District 281 Schools’ Self-Funded Insurance Program Causes Big Hike in Premiums

This plan was supposed to “combat skyrocketing health care costs,” according to the MN Sun-Post 11/29/07 edition:

In an attempt to combat skyrocketing health-care costs, the District 281 School Board voted in October 2006 to implement self-funded insurance beginning in 2007.

After one year, however, the future of the self-funded insurance program appears to be in question, as employees complaining about 125-percent increases in health care premiums, and at least one employee union threatening to strike over the issue.

District administrators justified the switch to self-funded insurance in 2006, saying fully insured health plans had quoted rate hikes of 33 to 36 percent for 2007. They said a self-funded plan would result in no noticeable change for employees.

Superintendent Stan Mack and Assistant Superintendent Nancy Rajanen were unavailable for comment last week.

Jeff Dehler, District 281’s community relations program director, said the huge premium increases were expected for the first two years of the self-funded insurance program.

“Being self-funded will offer major stability in the future, but there is nothing we can do now for 2008,” Dehler said. “We can’t get anyone else to bid on our business.”

Under conventional, fully insured health plans, the employer pays a premium to an insurance company for employee health coverage. The insurance premium is due in advance to cover anticipated claim costs and the insurance company’s overhead.

A self-funded – or self-insurance – health plan is one in which the employer assumes some, or all, of the risk for providing health-care benefits to employees, by taking control of the plan’s assets and investing them to the company’s advantage, eliminating insurance company charges.

The plan, which is administrated by Preferred One, is not designed to save money, officials said last year, but to help the district gain control and appropriately fund its health care plan.

It offers three plans for employees: Open-access choice (a co-pay plan); open-access choice with a $750 deductible; and open-access choice with a $2,000 to $4,000 deductible. Employees may choose single coverage, single plus one, or family coverage.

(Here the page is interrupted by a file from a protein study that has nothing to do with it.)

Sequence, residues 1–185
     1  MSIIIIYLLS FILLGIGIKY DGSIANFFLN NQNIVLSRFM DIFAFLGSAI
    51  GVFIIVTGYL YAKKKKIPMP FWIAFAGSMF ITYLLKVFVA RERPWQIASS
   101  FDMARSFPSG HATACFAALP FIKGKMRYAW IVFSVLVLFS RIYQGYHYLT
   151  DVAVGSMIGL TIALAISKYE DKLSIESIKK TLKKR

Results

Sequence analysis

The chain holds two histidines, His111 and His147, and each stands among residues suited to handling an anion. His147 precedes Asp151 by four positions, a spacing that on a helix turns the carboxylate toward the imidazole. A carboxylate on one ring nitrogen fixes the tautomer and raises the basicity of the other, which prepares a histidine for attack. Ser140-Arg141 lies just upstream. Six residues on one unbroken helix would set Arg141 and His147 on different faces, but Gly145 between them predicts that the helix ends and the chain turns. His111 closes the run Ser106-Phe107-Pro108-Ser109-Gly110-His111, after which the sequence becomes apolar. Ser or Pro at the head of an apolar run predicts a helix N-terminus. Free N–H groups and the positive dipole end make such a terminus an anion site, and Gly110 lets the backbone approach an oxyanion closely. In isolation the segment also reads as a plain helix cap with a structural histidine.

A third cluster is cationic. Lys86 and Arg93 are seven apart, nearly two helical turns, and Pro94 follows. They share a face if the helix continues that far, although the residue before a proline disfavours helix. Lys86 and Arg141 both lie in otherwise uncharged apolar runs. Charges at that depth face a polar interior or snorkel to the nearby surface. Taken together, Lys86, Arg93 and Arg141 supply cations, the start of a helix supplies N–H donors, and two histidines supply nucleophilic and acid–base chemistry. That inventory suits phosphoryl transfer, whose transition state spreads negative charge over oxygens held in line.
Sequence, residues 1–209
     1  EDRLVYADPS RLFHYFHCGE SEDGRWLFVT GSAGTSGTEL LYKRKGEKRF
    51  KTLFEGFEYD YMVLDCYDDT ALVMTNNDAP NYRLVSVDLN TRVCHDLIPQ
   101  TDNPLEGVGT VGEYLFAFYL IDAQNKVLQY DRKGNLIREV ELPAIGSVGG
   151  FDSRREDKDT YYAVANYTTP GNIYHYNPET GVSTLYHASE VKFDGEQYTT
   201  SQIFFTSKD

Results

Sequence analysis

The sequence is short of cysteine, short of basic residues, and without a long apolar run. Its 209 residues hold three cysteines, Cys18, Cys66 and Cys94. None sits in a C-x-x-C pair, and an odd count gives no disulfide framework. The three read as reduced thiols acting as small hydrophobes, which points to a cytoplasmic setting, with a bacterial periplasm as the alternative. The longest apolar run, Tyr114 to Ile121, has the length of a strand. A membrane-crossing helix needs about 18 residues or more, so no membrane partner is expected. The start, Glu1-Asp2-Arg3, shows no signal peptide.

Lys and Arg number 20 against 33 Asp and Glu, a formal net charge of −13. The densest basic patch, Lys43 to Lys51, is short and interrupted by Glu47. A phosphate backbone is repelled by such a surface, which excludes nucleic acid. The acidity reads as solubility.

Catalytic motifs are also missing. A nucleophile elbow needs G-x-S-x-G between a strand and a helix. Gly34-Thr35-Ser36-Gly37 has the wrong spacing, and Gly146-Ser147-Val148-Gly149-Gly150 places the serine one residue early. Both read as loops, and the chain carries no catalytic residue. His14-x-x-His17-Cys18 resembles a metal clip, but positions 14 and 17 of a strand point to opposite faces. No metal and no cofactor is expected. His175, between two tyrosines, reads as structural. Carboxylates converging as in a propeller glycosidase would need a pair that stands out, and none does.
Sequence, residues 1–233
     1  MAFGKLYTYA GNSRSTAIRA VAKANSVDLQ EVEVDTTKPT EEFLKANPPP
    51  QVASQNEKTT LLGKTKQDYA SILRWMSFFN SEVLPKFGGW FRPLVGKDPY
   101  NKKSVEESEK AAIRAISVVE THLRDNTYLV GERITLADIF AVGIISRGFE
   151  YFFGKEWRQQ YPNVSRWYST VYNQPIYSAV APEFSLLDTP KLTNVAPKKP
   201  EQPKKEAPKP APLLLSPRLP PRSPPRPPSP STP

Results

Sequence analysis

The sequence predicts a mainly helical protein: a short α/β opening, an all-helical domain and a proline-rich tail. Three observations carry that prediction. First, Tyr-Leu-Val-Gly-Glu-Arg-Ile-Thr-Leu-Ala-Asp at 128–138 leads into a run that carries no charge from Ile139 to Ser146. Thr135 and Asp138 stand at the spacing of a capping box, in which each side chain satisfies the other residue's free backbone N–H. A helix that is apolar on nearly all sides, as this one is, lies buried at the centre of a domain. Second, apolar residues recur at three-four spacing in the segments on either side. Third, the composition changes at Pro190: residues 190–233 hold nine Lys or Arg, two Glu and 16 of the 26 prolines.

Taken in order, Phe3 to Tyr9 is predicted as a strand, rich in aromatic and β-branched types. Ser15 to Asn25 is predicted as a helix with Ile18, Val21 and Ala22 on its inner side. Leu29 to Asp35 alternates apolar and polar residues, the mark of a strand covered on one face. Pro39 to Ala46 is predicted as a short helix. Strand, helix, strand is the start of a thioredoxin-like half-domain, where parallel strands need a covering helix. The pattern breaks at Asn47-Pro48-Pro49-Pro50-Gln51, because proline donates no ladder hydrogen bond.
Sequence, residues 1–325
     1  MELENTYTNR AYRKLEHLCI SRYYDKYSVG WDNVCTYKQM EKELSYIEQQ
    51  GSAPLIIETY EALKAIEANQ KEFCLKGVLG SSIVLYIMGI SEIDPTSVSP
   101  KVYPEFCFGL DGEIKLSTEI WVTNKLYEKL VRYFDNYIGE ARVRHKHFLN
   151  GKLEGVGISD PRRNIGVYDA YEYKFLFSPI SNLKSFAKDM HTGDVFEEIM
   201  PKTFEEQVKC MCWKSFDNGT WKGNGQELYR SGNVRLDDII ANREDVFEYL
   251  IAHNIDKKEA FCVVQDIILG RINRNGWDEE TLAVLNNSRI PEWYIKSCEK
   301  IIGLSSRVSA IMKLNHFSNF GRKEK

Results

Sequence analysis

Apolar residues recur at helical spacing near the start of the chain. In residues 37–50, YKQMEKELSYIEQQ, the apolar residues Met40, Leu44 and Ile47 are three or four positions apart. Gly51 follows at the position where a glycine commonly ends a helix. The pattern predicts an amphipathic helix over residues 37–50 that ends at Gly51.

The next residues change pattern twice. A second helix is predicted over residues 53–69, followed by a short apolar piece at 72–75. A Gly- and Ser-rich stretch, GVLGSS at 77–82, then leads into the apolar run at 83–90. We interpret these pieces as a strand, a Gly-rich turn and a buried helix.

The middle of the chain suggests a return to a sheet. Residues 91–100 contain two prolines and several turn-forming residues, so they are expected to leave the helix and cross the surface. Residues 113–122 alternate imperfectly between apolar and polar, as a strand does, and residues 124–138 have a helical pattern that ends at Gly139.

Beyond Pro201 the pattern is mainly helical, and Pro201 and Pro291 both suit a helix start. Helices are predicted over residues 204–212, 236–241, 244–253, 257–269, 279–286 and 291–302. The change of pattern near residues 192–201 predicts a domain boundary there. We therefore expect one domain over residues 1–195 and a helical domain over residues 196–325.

The district’s contribution for each employee’s health care costs in 2008, over and above the employee’s portion, will range from $411 to $615.

According to a news release from the district, insurance rates are increasing due to a variety of factors. In previous years, premium rates were kept artificially low as providers competed for district business, losing money in the first year of a plan to get the district’s business with the hope of profits in future years, according to the district.

“In addition, compared to other employers our size, our employees use health care more frequently, resulting in higher cost coverage,” the district said in the release. “Now, health insurance companies will not bid on the district’s business without significant premium increases to catch up to the marketplace and to cover the higher risk of district employees. ”

District 281’s total anticipated claims for 2007 are approximately $12.4 million, with premiums of $12.6 million collected from district employees, according to the release. For 2008, the district expects $15.6 million in claims and $15.7 million in premiums.

In order for the fund to remain solvent, according to the release, rates must be increased for 2008 to meet the anticipated claims, and to have sufficient additional funds to pay higher-than-expected claims.

Changes to the health insurance program, Dehler said, would require approval from district’s insurance committee, which comprises representatives from each of District 281’s bargaining units.

“Presumably, they have looked at every opportunity,” he said. “They have done the best they could, given very difficult solutions.”

He acknowledged that “there will be some real hardship stories.”

“We don’t want that for our employees,” Dehler said. “We needed to do a better job of communicating that it was coming, and we’re sorry we didn’t do that. We needed to give people time to find other options.”

“Now that we are self-funded, it is much clearer how rates are impacted by higher costs,” Dehler said. “Our employees said last week they need help from us to understand the impact when they don’t comparison-shop. We need to provide them with information about how best to save money.”

Dehler said the district would continue to accept late submission of health insurance forms, beyond the Nov. 30 deadline.

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